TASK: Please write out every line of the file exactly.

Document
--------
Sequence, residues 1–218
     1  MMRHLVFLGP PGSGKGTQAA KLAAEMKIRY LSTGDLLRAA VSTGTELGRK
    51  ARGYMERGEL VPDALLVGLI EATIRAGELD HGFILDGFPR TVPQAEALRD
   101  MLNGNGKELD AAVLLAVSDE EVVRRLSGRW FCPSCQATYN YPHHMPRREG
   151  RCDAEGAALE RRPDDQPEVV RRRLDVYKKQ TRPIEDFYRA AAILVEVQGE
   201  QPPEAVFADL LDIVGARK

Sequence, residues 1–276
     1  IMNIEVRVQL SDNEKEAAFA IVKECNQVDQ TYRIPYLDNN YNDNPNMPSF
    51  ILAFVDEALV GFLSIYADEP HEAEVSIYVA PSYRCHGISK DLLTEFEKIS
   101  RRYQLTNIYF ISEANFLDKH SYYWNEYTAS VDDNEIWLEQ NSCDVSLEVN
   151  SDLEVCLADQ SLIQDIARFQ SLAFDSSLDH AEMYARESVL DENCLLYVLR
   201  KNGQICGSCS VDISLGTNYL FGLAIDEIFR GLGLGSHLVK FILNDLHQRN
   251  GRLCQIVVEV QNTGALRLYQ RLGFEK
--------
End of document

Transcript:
Sequence, residues 1–218
     1  MMRHLVFLGP PGSGKGTQAA KLAAEMKIRY LSTGDLLRAA VSTGTELGRK
    51  ARGYMERGEL VPDALLVGLI EATIRAGELD HGFILDGFPR TVPQAEALRD
   101  MLNGNGKELD AAVLLAVSDE EVVRRLSGRW FCPSCQATYN YPHHMPRREG
   151  RCDAEGAALE RRPDDQPEVV RRRLDVYKKQ TRPIEDFYRA AAILVEVQGE
   201  QPPEAVFADL LDIVGARK

Sequence, residues 1–276
     1  IMNIEVRVQL SDNEKEAAFA IVKECNQVDQ TYRIPYLDNN YNDNPNMPSF
    51  ILAFVDEALV GFLSIYADEP HEAEVSIYVA PSYRCHGISK DLLTEFEKIS
   101  RRYQLTNIYF ISEANFLDKH SYYWNEYTAS VDDNEIWLEQ NSCDVSLEVN
   151  SDLEVCLADQ SLIQDIARFQ SLAFDSSLDH AEMYARESVL DENCLLYVLR
   201  KNGQICGSCS VDISLGTNYL FGLAIDEIFR GLGLGSHLVK FILNDLHQRN
   251  GRLCQIVVEV QNTGALRLYQ RLGFEK